Activision's Call of Duty franchise "vulnerable" in shooter genre in first year of new console cycle, says analyst.
"We are very concerned that the first full year of a new console cycle is the most likely time for consumers to switch gaming brands, and with several new choices available, we think CoD is particularly vulnerable"
Bungie's forthcoming sci-fi shooter Destiny could sell 10 million units during its lifetime, according to optimistic analysts at Cowen & Company.
Alongside new Blizzard title Hearthstone, the titles will help publisher Activision make up for declines in the Call of Duty series, which is starting to see serious signs of fatigue at retail.
"Unit sales of Activision's market-leading shooter were down 26 percent year-on-year in Q4:13," wrote the company in an investors note. "The game was poorly reviewed, which we believe was a culprit in the disappointing performance (which was almost certainly below management's expectations)."
"Heading into 2014, the franchise is likely to face competition from four to six other shooter genre titles, including heavyweight next-gen IPs Titanfall (EA) and the company's own Destiny.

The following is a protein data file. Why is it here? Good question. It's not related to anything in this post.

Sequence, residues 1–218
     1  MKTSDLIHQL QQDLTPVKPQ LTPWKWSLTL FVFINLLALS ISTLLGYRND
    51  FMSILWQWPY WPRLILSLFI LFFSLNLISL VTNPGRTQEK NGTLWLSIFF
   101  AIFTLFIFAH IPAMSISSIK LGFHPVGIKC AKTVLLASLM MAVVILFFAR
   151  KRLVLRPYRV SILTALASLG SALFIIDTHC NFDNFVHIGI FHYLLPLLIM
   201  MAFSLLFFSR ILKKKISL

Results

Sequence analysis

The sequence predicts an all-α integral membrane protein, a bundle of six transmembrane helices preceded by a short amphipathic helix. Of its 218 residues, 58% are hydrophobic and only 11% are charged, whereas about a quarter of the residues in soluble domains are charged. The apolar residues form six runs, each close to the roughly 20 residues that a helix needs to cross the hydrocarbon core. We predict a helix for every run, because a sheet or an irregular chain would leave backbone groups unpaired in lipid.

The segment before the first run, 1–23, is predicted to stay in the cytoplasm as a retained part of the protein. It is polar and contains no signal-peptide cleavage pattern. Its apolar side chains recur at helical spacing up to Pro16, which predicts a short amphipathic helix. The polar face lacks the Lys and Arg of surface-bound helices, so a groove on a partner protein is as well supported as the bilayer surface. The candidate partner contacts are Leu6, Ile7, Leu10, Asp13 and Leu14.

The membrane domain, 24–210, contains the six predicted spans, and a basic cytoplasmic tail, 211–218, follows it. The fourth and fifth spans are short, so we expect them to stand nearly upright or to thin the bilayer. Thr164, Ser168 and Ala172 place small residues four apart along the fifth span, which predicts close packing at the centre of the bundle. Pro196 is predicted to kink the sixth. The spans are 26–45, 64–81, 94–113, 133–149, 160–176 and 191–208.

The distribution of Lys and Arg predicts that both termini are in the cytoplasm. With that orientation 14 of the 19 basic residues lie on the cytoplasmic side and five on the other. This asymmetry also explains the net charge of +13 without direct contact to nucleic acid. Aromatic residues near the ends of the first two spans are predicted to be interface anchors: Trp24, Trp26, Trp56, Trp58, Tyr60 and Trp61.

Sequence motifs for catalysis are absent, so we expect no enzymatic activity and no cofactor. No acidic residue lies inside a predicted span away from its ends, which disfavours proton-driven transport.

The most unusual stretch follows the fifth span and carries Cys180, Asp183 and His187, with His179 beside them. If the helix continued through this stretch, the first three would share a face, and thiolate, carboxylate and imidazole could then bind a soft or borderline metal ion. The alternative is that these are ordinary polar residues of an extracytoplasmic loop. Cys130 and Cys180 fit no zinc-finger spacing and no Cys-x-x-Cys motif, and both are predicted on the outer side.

"We are very concerned that the first full year of a new console cycle is the most likely time for consumers to switch gaming 'brands', and with several new choices available, we think CoD is particularly vulnerable. We are reducing our FY14 title estimate to 16 million units lifetime, down from peak levels of ~25 million units in 2010-12."
Activision will announce its financial results tomorrow (Thursday) and is expected to just squeak past expectations from the market. Cowen & Company are looking towards 2014 new console cycle and the free-to-play mobile business for uplifts in the publishers performance.
"We believe Activision's collaboration with Bungie, Destiny, is probably the most anticipated title of the year among the gaming community.
"We expect the game to sell very well, and are modeling 10 million units in lifetime sales, with potentially significant upside. However, in some ways we are even more enthusiastic about Blizzard's free-to-play card game Hearthstone, for four reasons: expectations are relatively low; it is based on the wildly successful Warcraft IP; it will be available on mobile devices later this year; and finally, we have played it and think it is uniquely great."